Justin Champion, Professor of the History of Early Modern Ideas at Royal Holloway, was due to give the keynote speech on e-content and its impact on learning, teaching and research on the second day of the conference. Unfortunately, he couldn’t make it. However, he has passed on the narrative of the talk he would have given and here’s a flavour of what he has to say:
One of the themes of what I want to say today, is that there needs to be joined up thinking about ongoing plans for creating new product – librarians, educational development academics, technologists, school teachers, as well as university professors need to engage, argue and most importantly imagine effective processes of learning and research.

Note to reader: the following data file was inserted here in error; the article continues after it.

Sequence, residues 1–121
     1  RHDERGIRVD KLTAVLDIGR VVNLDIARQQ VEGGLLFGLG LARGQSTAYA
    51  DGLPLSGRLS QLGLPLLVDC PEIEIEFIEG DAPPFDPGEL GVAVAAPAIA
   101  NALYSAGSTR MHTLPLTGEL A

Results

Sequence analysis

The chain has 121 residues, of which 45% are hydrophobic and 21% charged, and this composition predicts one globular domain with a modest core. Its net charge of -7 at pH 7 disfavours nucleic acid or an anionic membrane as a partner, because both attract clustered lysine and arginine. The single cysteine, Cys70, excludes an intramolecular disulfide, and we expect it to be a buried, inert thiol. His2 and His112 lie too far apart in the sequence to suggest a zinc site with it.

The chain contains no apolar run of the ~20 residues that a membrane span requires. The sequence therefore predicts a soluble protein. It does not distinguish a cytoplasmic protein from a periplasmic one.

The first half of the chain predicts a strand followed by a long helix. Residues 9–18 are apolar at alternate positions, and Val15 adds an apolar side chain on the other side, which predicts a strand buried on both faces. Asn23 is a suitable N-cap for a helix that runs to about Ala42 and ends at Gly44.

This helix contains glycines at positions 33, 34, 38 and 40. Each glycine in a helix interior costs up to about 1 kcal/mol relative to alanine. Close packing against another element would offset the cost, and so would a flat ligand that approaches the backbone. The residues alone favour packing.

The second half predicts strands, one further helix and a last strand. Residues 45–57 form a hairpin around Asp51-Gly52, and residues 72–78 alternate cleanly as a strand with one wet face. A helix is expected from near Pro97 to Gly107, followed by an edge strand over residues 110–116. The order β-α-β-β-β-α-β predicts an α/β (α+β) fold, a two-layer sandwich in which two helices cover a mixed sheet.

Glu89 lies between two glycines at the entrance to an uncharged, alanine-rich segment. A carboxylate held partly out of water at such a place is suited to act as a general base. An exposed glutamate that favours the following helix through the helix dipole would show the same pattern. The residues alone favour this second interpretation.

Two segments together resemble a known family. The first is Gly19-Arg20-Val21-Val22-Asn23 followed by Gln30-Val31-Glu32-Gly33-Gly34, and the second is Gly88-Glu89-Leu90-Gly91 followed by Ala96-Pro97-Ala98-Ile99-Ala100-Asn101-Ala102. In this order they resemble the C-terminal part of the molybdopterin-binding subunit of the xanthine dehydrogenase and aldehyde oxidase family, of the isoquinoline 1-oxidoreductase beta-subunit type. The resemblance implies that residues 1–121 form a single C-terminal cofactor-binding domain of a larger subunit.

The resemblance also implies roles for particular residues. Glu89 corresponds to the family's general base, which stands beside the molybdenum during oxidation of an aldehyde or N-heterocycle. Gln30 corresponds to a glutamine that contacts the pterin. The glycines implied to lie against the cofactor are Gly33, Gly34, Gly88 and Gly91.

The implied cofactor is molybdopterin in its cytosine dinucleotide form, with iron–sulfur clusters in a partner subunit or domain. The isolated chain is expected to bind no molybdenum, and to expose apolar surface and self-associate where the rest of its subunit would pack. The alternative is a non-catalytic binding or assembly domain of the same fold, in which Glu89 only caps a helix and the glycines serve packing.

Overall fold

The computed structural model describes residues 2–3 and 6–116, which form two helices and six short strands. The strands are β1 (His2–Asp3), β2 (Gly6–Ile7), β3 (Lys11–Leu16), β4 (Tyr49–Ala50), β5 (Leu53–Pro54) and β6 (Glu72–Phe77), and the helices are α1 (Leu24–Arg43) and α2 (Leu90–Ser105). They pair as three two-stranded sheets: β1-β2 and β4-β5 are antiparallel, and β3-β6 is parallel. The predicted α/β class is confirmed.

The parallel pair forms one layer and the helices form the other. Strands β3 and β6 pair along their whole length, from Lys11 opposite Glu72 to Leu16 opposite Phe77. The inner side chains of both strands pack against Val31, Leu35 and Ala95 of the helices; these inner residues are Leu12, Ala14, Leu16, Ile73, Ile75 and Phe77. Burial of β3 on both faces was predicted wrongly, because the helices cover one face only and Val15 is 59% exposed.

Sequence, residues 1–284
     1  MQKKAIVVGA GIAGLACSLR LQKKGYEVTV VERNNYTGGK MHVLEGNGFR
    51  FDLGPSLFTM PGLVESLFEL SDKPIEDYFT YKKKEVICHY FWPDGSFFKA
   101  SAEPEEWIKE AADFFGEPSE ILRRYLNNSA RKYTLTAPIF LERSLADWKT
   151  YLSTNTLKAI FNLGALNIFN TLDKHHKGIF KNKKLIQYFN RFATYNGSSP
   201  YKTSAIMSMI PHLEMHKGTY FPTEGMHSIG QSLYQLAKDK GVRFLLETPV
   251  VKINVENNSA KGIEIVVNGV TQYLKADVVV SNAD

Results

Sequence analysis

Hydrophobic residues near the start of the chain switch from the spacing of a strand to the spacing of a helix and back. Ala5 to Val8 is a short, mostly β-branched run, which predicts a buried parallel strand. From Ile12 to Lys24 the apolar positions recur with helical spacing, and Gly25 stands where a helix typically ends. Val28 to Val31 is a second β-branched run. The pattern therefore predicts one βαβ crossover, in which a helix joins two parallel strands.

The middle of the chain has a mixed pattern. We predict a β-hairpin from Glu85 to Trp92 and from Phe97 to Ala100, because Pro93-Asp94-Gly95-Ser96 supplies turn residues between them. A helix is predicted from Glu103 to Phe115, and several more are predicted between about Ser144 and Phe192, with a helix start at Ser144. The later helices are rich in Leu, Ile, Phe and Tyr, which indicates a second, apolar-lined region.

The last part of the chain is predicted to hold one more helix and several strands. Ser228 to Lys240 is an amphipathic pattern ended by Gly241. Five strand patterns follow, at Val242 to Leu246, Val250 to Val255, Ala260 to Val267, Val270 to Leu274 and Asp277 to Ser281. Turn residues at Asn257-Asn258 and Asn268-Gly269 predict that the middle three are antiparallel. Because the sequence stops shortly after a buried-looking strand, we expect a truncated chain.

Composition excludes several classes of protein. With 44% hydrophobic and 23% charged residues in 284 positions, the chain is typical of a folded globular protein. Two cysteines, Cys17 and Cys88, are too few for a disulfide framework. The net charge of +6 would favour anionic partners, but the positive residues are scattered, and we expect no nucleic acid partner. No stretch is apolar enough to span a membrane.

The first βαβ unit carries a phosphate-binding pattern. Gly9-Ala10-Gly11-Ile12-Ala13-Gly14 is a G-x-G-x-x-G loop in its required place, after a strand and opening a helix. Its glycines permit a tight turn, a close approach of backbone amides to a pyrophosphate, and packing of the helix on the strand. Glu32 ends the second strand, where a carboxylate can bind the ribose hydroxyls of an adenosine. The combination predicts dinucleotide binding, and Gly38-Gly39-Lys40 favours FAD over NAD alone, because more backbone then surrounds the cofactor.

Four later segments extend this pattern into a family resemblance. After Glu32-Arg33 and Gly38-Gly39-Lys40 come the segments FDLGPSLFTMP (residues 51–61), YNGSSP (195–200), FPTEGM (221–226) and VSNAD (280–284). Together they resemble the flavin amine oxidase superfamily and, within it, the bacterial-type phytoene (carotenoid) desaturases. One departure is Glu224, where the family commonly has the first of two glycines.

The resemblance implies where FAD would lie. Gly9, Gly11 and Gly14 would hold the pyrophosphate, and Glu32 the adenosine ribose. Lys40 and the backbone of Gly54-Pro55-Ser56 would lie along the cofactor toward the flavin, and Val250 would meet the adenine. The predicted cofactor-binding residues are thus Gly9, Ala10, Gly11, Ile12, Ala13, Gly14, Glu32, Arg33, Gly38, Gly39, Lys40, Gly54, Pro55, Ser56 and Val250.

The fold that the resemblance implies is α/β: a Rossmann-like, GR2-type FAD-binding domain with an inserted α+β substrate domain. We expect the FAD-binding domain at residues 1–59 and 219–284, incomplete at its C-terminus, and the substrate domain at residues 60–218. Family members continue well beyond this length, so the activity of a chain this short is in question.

There is then an absolutely virtuous circle of connection between the invention of new teaching practice, transformations in both the conduct and dissemination of scholarship, and the provision of a cyber-infrastructure underpinning such activities. Like any virtuous circle however, the difficulty is, knowing where to start.
Read the presentation in full here: Digital scholarship is the inevitable future of the humanities and social science by Justin Champion